Opening the Vaults: Acadia University Art Gallery: Working in an Art Gallery, A Student’s Perspective
By Alexandra Pulchny, Collections and Outreach Assistant, Acadia University Art Gallery
When I applied to work at the Acadia University Art Gallery in August of 2016, I was under the impression I knew a lot about art – I worked in a museum for two years, during which time I learned how to handle and document artifacts, I had several favourite internationally-known artists, and could tell the difference between oil, watercolor, acrylic, and pencil works. When I started my job in September, however, I realized there was much more to running a gallery.
Working in galleries and museums is extremely interesting and exciting when you get to work directly with art and artifacts, and for someone like myself who loves researching, this is a dream job. Working behind the scenes with the collection creates a strong appreciation for the works – it is one thing to view artwork on the walls in a gallery, but another to comb through numerous pieces, finding hidden treasures you never imagined would be in your hands. Working in this setting also allows for the development of a special relationship with artwork, as you learn about the mindset of the artist and the context in which the piece was produced.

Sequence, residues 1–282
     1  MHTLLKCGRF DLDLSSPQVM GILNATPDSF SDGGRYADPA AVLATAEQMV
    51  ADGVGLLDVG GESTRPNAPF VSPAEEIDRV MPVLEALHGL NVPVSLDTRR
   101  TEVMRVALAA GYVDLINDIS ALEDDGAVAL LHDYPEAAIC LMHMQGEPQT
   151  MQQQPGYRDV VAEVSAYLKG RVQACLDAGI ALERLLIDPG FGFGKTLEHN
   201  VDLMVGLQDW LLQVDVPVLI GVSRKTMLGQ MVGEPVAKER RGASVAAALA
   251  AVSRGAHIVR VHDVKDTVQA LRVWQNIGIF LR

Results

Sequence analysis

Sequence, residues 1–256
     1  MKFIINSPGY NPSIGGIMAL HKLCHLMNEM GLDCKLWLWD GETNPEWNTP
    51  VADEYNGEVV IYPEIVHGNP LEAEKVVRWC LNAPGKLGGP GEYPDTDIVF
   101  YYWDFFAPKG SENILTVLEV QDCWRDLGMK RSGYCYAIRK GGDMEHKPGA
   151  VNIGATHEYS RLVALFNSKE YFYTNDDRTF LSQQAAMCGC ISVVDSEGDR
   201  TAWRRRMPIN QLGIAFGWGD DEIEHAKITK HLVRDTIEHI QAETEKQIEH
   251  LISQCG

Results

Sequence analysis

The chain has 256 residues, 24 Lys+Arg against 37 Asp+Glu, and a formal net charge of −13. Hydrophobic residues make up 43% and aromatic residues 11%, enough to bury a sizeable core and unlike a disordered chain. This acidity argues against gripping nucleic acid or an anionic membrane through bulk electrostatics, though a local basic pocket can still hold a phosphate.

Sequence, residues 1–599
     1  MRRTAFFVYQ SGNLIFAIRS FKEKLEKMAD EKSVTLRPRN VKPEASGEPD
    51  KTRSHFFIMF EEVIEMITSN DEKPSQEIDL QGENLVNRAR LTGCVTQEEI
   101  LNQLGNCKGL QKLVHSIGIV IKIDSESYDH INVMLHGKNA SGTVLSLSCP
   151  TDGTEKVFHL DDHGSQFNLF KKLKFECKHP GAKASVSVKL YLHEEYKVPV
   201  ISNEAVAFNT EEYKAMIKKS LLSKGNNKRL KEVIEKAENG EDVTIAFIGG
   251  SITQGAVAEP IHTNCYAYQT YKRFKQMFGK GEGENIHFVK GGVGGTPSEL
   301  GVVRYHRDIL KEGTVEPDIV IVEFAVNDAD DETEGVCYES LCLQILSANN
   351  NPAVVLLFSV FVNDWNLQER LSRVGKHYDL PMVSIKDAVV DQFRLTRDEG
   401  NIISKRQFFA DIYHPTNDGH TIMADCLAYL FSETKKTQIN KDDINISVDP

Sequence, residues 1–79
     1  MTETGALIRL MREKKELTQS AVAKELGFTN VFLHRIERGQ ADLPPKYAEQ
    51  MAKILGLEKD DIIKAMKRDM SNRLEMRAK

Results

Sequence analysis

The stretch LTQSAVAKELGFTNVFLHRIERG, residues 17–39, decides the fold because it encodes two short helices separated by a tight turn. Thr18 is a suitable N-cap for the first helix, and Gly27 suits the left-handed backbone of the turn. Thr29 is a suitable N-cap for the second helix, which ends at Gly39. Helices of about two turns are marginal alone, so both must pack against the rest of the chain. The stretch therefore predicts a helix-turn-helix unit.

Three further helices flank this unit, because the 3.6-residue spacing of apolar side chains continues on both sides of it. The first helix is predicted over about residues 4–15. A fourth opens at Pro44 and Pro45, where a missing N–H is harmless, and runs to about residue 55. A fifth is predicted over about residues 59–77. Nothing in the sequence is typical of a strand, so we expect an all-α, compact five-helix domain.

An element of working in a gallery that I did not expect was how closely we are connected to, and work with, the rest of the buildings and departments on campus. Director and curator Dr. Laurie Dalton and I have spent many hours this summer hunting down and retrieving artwork from the construction zone that is currently the Huggins Science Hall, and spent some time exploring, handling, and loaning bird specimens from the Acadia University Wildlife Museum in the Biology building. These elements have not only built up my excitement for my job over the summer, but contributed to my understanding and appreciation of the art world.
There are many more aspects to working in an art gallery that make the job exciting, however, the relationship you build with works in the collection (including the works displayed around campus) is the one closest to home. The only downfall to working with the collection is you can’t take your favorite works home with you!
I hope to see many of you Grapevine readers at the gallery in the fall! To learn more about the Acadia University Art Gallery, check us out on social media!
Acadia University Art Gallery
Beveridge Arts Centre, Acadia University